Pure Storage and VMware VAAI

Today I posted a new document to our repository on purestorage.com: Pure Storage and VMware Storage APIs for Array Integration—VAAI. This is a new white paper that describes in detail the VAAI block primitives that VMware offers and that we support. Furthermore, performance expectations are described, comparing before/after and how the operations do at scale. There are some best practices listed as well, the why and how of those recommendations are also described within.

I have to say, especially when it comes to XCOPY, I have never seen a storage array do so well with it. It is really quite impressive how fast XCOPY sessions complete and how scaling it up (in terms of numbers of VMs or size of the VMDKs) doesn’t weaken the process at all. The main purpose of this post is to alert you to the new document but I will go over some high level performance pieces of information as well. Read the document for the details and more.


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Provisioning a new ScaleIO volume in a VMware environment

I recently posted about adding capacity to a ScaleIO storage pool, so the next logical step is provisioning a new volume. In this post, I am going to cover the straight-forward act of creating a new volume from a storage pool, mapping it to a ScaleIO Data Client (SDC) and then presenting it to the VMware cluster.

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The first step is to assure we have enough space to configure a new volume of the size we desire. GUI or CLI will suffice:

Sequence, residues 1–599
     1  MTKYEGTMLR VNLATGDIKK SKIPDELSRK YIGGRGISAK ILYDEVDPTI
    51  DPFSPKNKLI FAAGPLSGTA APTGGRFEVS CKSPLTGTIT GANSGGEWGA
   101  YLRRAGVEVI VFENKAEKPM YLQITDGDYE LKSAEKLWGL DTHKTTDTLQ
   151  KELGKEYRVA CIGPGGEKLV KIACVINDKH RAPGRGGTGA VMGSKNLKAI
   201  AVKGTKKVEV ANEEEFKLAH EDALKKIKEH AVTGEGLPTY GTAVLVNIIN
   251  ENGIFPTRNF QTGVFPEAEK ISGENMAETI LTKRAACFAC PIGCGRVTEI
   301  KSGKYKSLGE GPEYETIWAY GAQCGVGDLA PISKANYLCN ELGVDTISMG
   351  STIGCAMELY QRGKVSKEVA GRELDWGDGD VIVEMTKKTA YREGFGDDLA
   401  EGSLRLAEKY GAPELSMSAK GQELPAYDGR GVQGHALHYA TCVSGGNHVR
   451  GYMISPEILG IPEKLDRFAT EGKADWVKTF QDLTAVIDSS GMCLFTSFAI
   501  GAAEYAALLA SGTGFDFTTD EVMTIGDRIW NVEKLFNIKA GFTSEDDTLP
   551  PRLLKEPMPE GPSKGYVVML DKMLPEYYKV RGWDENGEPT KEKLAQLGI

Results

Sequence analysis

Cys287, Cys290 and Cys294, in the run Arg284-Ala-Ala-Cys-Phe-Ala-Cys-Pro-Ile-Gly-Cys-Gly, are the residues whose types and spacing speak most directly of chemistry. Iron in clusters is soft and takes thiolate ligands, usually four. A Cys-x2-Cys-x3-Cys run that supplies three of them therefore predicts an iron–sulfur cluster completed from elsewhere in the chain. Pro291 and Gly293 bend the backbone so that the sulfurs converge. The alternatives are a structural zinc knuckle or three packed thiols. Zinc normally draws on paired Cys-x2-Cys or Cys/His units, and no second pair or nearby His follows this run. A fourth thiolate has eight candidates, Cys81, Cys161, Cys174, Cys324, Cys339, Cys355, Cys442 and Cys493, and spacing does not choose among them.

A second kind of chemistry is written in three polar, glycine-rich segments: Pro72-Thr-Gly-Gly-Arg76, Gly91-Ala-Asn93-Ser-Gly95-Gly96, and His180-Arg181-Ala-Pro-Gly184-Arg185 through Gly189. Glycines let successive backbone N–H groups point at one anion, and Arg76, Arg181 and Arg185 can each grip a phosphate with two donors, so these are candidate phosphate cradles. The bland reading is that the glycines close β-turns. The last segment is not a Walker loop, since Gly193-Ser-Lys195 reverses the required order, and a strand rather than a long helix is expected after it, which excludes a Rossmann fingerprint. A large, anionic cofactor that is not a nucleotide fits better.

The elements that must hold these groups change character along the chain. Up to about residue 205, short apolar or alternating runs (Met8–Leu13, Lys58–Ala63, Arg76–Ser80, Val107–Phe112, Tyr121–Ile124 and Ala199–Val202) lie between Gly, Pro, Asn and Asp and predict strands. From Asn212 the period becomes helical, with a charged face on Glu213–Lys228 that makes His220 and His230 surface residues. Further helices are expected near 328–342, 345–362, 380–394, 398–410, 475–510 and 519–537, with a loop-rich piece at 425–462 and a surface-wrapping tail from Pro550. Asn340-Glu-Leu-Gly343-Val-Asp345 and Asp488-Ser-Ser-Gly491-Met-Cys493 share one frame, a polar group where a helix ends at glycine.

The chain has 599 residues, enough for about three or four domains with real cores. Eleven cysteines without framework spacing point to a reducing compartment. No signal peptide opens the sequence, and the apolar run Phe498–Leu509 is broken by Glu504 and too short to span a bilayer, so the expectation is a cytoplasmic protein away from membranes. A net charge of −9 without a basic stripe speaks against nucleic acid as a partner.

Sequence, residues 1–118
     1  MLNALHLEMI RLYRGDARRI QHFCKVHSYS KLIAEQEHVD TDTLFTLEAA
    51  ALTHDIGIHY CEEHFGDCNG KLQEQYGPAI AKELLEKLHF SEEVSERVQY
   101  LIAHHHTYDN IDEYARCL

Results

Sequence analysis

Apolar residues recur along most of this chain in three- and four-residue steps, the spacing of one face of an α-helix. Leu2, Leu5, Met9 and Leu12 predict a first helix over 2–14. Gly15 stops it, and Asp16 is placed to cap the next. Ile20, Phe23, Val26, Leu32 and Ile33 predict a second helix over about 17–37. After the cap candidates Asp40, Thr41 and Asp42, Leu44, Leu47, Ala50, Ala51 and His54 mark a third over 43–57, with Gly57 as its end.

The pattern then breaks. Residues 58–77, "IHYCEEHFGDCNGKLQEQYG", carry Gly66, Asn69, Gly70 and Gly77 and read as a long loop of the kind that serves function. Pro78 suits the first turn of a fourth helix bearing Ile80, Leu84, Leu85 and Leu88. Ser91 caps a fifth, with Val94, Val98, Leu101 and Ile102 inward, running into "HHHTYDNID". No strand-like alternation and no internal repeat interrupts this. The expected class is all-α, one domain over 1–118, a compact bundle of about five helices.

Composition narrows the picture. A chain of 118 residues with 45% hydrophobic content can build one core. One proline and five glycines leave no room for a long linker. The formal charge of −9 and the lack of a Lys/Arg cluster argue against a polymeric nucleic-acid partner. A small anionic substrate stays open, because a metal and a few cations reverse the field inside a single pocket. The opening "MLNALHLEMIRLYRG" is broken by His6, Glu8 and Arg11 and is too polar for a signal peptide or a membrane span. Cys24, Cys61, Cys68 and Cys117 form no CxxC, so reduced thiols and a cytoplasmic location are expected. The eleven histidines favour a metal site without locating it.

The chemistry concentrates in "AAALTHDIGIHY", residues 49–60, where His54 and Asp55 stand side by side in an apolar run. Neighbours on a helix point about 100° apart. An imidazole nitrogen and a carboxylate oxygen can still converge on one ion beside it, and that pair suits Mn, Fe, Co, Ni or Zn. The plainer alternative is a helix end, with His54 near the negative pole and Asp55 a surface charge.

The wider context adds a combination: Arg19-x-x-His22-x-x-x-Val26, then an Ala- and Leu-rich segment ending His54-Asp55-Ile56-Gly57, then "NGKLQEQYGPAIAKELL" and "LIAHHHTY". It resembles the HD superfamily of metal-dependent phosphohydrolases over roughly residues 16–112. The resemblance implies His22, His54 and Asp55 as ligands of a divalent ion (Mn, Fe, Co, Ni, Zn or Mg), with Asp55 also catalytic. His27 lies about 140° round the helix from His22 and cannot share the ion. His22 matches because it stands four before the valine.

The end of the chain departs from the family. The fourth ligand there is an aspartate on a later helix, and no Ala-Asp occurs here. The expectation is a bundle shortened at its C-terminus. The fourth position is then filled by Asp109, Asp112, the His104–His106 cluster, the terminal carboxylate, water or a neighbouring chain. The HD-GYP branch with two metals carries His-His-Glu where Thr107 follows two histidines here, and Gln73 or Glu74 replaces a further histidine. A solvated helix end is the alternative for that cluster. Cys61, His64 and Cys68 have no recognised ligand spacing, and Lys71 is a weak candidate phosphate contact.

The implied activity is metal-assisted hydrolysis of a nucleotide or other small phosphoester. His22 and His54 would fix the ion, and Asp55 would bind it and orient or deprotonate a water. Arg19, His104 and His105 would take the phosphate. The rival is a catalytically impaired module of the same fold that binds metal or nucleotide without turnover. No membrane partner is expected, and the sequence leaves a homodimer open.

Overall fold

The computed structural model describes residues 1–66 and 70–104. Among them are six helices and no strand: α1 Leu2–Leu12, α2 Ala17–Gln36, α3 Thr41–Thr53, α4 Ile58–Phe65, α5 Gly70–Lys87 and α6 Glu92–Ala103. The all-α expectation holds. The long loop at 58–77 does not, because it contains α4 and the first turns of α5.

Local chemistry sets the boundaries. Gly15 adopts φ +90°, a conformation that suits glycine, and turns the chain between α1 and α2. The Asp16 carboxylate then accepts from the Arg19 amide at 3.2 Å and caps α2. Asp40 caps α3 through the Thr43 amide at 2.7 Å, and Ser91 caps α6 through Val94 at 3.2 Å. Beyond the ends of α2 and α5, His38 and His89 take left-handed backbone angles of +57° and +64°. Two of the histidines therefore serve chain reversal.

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Virtual Storage Integrator 5.6: VPLEX Provisioning

I’m (Drew Tonnesen, @drewtonnesen) back for another guest post, this time continuing Cody’s theme of VSI 5.6.  Besides the much anticipated (and long awaited) striped meta capability in Unified Storage Management (USM) 5.6 for VMAX, there is now VPLEX provisioning!  For those of us who use VPLEX with VMware this simplifies the creation of datastores on VPLEX.

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Changing the default IOPS value for VMware Round Robin and Symmetrix Devices

A common recommendation from storage vendors is to change the default IOPS setting for VMwares’ Native Multi-Pathing (NMP) Path Selection Policy (PSP) Round Robin. The IOPS setting controls how many I/Os are sent down a single logical path before switching to the next path. By default this number is 1,000 I/Os. The VMAX recommendation is to set this to 1. The purpose of this blog post is not to debate the setting, but to help those who want to use it. Regardless, I have seen many customers benefit from this recommendation. Once they see a benefit they want to know–can I make this setting a default?

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